Could Your Beauty Routine Be Making You Sick?

Should you worry about what you’re putting on your skin? (Photo: Getty Images)

Most women choose beauty products based on their benefits — radiant skin, glossy hair, or an irresistible scent. But the very ingredients that make these products superior are thought to be quietly waging war on your health.

According to a new study, many of our favorite personal-care products are packed with ingredients such as parabens and phthalates, which help to preserve and improve the effectiveness of things like lotions, deodorants, makeup, nail polish, and hair spray. The downside? These chemicals are also thought to disrupt hormones that control crucial health functions like metabolism, sleep, and mood. In the long term, they’re even believed to cause obesity, cancer, neurobehavioral problems, and infertility. And that’s just the tip of the iceberg.

But there’s good news: Switching to organic beauty products could flush these dangerous culprits out of your system in as little as three days.

At least that’s what was revealed by the just-released HERMOSA study — a collaboration between UC Berkeley, Clinica de Salud del Valle de Salinas, and a team of youth researchers. Participants agreed to switch to organic beauty products for a short period, and the results were astonishing: After just three days, the young women showed drastically reduced levels of the offensive chemicals in their systems.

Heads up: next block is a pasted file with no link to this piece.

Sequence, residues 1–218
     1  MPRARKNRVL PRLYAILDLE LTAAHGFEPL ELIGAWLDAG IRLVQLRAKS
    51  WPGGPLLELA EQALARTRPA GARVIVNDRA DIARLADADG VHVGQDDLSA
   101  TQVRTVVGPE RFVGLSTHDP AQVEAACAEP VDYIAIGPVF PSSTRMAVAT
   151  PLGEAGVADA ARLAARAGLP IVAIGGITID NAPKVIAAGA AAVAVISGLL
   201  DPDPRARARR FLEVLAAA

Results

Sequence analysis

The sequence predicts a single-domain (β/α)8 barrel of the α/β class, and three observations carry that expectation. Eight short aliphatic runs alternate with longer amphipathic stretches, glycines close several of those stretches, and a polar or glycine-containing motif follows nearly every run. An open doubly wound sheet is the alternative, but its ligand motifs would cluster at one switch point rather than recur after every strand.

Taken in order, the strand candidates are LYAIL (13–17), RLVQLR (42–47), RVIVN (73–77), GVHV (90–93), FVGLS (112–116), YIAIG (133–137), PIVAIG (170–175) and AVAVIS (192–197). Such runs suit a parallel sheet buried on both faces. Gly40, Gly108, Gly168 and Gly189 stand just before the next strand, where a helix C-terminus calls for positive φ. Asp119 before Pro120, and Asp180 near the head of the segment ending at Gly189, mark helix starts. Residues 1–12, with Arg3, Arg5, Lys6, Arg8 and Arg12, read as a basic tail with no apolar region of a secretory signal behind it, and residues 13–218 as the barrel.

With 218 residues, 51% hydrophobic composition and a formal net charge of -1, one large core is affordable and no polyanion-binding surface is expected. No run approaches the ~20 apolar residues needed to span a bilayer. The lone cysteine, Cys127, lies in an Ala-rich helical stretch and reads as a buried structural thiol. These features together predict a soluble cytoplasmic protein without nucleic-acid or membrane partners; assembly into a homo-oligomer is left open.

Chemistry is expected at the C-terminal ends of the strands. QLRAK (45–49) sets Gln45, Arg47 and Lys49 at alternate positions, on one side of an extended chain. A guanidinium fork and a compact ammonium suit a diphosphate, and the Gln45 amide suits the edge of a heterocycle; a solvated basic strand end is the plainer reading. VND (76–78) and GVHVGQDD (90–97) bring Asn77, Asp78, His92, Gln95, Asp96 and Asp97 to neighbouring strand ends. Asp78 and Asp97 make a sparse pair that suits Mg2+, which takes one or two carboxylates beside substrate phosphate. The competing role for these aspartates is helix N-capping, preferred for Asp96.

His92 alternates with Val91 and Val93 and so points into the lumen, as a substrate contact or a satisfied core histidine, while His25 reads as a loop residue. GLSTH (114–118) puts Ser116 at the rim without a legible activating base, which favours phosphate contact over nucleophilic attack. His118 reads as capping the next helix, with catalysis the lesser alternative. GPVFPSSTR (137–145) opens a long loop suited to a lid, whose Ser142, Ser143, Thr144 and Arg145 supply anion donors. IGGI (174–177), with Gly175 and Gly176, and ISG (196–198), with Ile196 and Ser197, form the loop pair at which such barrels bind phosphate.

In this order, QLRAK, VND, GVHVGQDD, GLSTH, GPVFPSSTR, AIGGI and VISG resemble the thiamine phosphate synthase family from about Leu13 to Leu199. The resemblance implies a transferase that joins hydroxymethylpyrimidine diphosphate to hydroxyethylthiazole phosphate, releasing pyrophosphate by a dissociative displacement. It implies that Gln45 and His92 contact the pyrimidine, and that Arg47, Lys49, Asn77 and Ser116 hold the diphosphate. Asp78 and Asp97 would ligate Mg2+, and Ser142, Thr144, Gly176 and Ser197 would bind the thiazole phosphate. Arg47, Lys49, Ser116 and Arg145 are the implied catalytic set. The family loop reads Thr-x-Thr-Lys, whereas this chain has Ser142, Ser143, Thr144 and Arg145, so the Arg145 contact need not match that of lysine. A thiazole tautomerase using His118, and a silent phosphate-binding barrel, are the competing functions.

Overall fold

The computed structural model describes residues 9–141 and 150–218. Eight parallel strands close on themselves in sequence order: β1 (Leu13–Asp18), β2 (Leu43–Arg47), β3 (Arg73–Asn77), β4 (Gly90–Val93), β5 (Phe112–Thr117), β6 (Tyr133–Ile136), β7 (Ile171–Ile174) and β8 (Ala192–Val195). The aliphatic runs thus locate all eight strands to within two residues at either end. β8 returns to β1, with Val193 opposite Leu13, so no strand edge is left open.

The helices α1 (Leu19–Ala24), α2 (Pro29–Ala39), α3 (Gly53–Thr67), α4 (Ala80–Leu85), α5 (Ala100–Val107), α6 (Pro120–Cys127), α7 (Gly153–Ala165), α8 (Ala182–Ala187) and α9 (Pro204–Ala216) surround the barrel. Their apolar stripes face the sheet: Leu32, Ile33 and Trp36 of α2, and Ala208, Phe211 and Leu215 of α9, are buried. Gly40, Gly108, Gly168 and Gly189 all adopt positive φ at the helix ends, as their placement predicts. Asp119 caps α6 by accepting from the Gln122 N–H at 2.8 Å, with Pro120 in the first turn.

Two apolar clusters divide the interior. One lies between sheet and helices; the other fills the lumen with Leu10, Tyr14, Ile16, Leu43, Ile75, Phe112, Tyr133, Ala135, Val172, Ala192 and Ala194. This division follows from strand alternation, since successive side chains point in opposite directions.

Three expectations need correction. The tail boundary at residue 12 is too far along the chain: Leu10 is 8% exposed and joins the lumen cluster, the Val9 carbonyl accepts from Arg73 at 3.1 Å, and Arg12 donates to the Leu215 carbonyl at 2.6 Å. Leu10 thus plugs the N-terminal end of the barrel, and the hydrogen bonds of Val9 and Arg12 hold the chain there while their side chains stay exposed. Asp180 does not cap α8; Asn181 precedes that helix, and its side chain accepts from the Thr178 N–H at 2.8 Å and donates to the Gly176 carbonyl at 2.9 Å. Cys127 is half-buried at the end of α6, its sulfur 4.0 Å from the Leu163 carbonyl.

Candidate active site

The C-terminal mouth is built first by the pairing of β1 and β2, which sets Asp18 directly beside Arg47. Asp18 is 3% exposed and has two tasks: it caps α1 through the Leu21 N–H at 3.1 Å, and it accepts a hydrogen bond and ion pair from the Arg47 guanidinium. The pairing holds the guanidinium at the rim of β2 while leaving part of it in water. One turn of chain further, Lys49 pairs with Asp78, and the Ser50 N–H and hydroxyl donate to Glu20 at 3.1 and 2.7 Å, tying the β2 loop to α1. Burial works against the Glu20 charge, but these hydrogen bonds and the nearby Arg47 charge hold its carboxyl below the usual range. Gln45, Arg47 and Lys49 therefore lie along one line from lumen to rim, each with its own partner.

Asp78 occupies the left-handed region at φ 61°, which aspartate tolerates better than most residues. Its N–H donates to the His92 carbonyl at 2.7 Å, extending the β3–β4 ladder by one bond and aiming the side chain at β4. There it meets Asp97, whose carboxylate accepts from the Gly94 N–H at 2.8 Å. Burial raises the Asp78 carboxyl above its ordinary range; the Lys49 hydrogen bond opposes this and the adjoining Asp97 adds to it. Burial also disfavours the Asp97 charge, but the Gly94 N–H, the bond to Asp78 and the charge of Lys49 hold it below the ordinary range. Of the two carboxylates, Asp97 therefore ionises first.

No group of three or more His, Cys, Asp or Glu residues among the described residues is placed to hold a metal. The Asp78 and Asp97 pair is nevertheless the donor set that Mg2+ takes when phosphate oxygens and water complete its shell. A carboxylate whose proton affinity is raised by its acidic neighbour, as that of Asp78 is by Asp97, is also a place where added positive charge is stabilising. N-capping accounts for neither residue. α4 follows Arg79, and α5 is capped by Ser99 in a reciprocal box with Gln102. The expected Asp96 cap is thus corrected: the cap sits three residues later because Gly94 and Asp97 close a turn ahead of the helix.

“We wanted to investigate whether replacing your personal-care products could lower your levels, and we were pleased to see that it did. No other studies had done that before,” said Kim Harley, PhD, of the Center for Environmental Research and Children’s Health, who led the study.

The just-released study used teenage participants, who buy and use more beauty products than most adult women — and whose growth and development could be suffering due to their exposure to hazardous chemicals.

Now for the million-dollar question: Why aren’t these chemicals regulated by the Food and Drug Administration? The simple answer is there just isn’t enough evidence that parabens, phthalates, and their lesser-known counterparts have adverse health effects. In short, more research needs to be done.

“There is evidence that these chemicals act as hormone disruptors in rat studies, but we just don’t know a lot about their health effects in humans yet,” says Harley, adding: “Parabens cause breast cancer cells to proliferate in laboratory studies, but at this point there is no evidence showing that parabens cause breast cancer in women — largely because studies in humans are difficult, expensive, and time-consuming. [But] we have enough evidence that they disrupt our natural hormonal systems to be concerned.” In the meantime, these ingredients make it easier and cheaper to produce highly performing products, and some experts aren’t as worried about nonorganic ingredients.

While the verdict is still up in the air, it’s on us to choose organic products instead of rolling the dice on our health. And that could mean a total overhaul of your medicine cabinet. “By being careful consumers and reading labels, there are ways we can significantly reduce our exposure,” says Harley. And while organic beauty products may cost more, compare that to what you might spend in health care down the road if you choose not to make the switch.

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